Parasites, Viruses, and Baisetioles: Poetry as Viral Language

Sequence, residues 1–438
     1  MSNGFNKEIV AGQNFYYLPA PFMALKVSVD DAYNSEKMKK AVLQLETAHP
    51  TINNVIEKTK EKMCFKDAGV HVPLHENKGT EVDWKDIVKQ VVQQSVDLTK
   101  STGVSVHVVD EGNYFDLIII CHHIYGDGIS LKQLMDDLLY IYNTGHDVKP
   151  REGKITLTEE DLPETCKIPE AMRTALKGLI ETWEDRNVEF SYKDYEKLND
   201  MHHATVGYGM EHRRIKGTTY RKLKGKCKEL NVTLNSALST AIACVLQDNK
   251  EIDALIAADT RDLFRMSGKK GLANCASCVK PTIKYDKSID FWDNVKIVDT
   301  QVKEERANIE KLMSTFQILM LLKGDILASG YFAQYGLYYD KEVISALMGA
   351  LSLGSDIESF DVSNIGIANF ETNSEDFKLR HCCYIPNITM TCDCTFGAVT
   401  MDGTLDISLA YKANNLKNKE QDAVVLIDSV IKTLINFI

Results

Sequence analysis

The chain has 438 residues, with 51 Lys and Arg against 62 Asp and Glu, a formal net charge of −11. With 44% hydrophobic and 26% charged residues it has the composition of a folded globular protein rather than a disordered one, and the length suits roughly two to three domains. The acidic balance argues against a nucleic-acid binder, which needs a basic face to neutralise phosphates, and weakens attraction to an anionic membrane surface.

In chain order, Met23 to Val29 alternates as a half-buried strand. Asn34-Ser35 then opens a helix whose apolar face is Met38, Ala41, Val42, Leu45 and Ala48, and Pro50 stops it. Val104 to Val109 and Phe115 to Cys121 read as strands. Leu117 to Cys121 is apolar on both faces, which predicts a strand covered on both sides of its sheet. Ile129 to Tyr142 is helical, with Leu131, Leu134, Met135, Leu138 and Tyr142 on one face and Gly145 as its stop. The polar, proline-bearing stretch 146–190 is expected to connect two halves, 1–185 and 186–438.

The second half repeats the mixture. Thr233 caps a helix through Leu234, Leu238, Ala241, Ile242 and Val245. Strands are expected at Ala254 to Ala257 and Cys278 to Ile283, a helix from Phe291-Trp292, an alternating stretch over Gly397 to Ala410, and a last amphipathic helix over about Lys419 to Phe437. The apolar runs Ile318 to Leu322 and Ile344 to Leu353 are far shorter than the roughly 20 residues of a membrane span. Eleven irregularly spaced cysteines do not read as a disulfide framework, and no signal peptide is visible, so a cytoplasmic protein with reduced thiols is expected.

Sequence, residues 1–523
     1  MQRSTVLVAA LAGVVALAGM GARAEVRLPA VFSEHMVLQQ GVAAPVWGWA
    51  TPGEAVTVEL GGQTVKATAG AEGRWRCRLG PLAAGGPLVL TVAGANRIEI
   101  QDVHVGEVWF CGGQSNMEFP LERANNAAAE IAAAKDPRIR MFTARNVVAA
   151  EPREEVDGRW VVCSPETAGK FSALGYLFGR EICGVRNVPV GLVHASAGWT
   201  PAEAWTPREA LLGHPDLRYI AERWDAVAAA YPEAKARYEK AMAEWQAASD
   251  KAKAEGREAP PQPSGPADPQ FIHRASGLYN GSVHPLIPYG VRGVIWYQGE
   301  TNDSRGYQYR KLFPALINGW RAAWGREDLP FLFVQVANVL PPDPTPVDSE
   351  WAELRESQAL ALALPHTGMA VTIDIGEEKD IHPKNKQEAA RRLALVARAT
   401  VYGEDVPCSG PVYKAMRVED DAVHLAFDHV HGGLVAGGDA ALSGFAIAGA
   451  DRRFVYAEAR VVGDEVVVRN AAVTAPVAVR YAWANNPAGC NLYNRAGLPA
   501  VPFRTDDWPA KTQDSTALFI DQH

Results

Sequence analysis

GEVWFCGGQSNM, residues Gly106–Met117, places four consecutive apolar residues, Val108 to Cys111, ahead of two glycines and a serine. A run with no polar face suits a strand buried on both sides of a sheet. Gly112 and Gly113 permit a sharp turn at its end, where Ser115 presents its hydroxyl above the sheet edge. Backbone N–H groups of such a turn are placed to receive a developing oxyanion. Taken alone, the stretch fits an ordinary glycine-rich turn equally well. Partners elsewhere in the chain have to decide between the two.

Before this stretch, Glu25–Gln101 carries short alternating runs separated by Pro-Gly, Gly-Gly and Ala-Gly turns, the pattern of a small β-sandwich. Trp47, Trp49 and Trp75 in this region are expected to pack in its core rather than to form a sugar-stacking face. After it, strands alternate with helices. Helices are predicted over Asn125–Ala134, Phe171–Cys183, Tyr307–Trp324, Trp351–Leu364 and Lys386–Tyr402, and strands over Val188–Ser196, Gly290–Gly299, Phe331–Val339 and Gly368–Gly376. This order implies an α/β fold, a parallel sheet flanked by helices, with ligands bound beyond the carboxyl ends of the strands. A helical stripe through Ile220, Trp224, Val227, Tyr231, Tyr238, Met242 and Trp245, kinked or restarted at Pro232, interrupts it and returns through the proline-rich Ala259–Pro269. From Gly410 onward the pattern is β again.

Austin’s (in)famous characterization of poetry as parasitical has been subject to many interpretations, from Derrida’s considering it a limit of and a central problem in Austin’s theory to Cavell’s attempt to reintegrate poetic uses of language within the framework of Ordinary Language Philosophy. In this essay, I argue that poetry, rather than being excluded from the realm of the performative, can be considered as a performative dispositif that acts upon ordinary language and, through it, upon our forms of life. To reevaluate poetry, I suggest moving from the ‘parasite’ metaphor (poetry is passively feeding on ordinary uses of language) to a ‘virus’ metaphor (poetry is actively disrupting ordinary uses of language). By building on works of French theorists and poets Christophe Hanna, Franck Leibovici, and Manuel Joseph among others, I explore how poetry reveals the virality of language.